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Locum tenens pointers: From one ResiGrad to another

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Veteran locum physician Dr. Trevor Cabrera offers his pointers and perspectives to newly graduated residents about locum tenens.

Most providers working locum tenens have traditionally done so as an adjunct to some sort of other stable “permanent” job, as a bridge between jobs, or as they are slowly edging their way into semi-retirement after toiling away at a tenured position for an entire career.

Regardless of the reason — for family, freedom, or to altruistically care for indigent populations in underserved parts of the country or the world — a majority have generally served some time established in their field as an attending physician prior to working locum tenens. For many reasons, including life stability, experience among peers, and establishment of a practice mentality, this makes sense. However, healthcare has evolved. The growing desire of young physicians is to seek a deviation from the historic norm, and with a changing workforce, more and more new physicians immediately after residency training find themselves considering locum tenens work. As one of those new graduates in the last few years, with very few before me to look to for questions, guidance, and warnings, I want to give my perspective on the things I wish I would have done or known as a brand-new graduate — affectionally termed a ResiGrad.

Maintain relationships with mentors

Recently, a senior resident contacted me for advice on starting out his career working locum tenens, with specific questions of where to find a mentor and what to do if he had questions and there’s no one nearby.  Well, frankly, if you chose this path, there will be many unknowns. Working locum tenens pushes physicians to use their critical thinking skills and become creative practicing medicine.

I remember during the first several months as a new attending, there were many late nights that I would call back to speak to my mentors from training. I will never forget the difficult cases I would occasionally run by them as I decided what the next best step would be on my own. Further, it is absolutely critical that physicians collect multiple references from training to serve as attestations for each new job as the connections are generally only valid for 24 months. This last point cannot be emphasized enough, especially as you move from one facility to another.

What do locums do about benefits?

Prior to graduating residency, I was sure to expand my individual disability insurance, at the least to allow a rider for further expansion down the line. Negotiating other benefits such as health and dental insurance as a locum tenens can be difficult, and is something that should be considered carefully prior to starting. While I purchased my insurance through the Healthcare Marketplace, holding a part-time W-2 job in addition to working locums is sometimes useful to allow some sort of personal coverage in case of emergency.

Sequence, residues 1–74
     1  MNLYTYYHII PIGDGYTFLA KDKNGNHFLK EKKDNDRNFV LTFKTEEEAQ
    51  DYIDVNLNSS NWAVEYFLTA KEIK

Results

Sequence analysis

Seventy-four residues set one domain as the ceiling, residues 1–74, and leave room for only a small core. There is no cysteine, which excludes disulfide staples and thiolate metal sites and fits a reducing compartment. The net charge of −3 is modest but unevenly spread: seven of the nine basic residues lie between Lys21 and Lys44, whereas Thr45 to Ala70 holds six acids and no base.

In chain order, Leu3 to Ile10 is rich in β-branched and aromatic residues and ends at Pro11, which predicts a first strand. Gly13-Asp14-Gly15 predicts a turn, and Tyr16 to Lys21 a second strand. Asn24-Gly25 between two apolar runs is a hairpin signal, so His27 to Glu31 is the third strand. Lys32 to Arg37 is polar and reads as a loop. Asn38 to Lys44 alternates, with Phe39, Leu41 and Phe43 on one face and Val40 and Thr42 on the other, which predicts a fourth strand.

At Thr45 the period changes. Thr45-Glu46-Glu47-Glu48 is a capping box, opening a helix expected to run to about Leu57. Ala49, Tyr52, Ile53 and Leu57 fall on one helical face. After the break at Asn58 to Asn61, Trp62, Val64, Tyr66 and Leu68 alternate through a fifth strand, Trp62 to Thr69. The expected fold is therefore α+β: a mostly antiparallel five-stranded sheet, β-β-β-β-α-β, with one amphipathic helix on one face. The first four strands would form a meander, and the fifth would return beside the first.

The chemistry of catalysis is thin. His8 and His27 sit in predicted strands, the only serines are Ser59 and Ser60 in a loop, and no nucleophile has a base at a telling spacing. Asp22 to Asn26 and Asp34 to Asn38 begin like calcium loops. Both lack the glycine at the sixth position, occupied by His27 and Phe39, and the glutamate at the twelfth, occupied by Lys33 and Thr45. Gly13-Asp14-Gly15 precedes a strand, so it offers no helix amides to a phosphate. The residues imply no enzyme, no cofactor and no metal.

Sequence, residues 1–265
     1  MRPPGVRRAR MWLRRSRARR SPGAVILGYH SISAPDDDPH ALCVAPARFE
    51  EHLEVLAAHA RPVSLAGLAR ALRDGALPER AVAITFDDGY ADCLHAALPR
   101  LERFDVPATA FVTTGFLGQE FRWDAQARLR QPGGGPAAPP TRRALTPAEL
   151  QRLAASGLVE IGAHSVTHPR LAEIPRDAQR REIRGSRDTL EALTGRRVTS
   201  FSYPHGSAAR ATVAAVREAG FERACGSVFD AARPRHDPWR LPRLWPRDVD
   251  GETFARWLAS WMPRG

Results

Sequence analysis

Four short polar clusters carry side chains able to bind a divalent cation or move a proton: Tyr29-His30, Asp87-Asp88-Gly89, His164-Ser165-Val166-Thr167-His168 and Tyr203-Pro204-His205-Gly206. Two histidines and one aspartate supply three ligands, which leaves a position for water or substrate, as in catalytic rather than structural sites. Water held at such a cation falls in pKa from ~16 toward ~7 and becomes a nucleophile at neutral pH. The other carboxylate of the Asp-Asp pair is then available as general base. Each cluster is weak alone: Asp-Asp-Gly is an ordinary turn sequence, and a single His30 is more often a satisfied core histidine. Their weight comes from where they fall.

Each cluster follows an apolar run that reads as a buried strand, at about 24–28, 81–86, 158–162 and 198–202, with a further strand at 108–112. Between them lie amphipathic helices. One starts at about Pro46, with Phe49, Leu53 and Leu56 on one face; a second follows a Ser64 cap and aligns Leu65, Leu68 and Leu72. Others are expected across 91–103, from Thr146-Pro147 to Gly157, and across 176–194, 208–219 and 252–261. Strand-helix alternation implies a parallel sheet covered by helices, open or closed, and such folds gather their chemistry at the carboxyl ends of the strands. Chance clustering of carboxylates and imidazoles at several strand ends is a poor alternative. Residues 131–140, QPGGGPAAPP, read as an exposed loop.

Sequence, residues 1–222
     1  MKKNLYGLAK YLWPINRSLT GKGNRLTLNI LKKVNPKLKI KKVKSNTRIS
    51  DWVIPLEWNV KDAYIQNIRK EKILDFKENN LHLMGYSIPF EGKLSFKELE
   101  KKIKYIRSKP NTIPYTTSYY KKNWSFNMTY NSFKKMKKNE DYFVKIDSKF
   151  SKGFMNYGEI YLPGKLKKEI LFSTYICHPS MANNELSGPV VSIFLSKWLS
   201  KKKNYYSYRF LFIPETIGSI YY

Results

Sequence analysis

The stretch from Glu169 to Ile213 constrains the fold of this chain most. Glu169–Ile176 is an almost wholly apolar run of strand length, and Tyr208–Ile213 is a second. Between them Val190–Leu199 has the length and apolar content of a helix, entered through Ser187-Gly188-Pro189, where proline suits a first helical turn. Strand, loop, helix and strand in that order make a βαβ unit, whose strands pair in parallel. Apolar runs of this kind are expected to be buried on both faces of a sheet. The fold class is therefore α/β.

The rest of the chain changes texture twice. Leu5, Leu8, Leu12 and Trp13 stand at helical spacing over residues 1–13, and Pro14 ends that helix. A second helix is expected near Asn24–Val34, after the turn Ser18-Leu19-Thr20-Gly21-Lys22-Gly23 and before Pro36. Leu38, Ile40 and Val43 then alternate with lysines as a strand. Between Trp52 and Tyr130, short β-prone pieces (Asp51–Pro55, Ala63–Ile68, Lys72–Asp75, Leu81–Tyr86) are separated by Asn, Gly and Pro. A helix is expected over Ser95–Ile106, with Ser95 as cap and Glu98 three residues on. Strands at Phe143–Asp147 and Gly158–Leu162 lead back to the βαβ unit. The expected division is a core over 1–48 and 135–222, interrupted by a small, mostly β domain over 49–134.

Plan out certifications, licenses, and renewals

Paying attention to deadlines and renewal guidelines for medical licenses and DEA certificates obtained throughout the end of training can be useful. I would recommend waiting as long as you can to seek reimbursement for the above in potential job opportunities. You can also consider self-purchase of a license or even obtaining your licenses through the IMLC if you plan on exclusively working locums. It also becomes significantly harder to find renewal programs for CPR certificates after training. As many programs are built into academic institutions to renew basic life-savings skills, I wish I had taken advantage of their discounts and ease at the end of my training.

Taxes are tedious

Consider establishing a tax home in a state without income taxes. Post office boxes are great for business mail. Follow the law, and when it gets complicated, finding a good accountant might be worthwhile. If you are a daring entrepreneurs, establish an LLC, read the books, and figure out ways to legally traverse the system as an independent contractor; but, humbly remember you are a healthcare provider, most likely not a tax expert, yet.

LEARN MORE: 7 tax benefits of being a locum tenens doctor

Stay organized

From day one, keep track of your malpractice certificates of liability insurance, keep spreadsheets with expiration dates, CME needs, and health records. I personally also have supplemental Word documents with a list of my hospital affiliations, privileges, contacts, and of course, my residences for the last decade.

Working locum tenens directly out of residency can be exciting and intimidating, but I will forever stand by the professional and personal worth I have found in it. While the list goes on and on of things that you can learn or need to know, hopefully this starts off the ResiGrad on the right path to success as a locum tenens.

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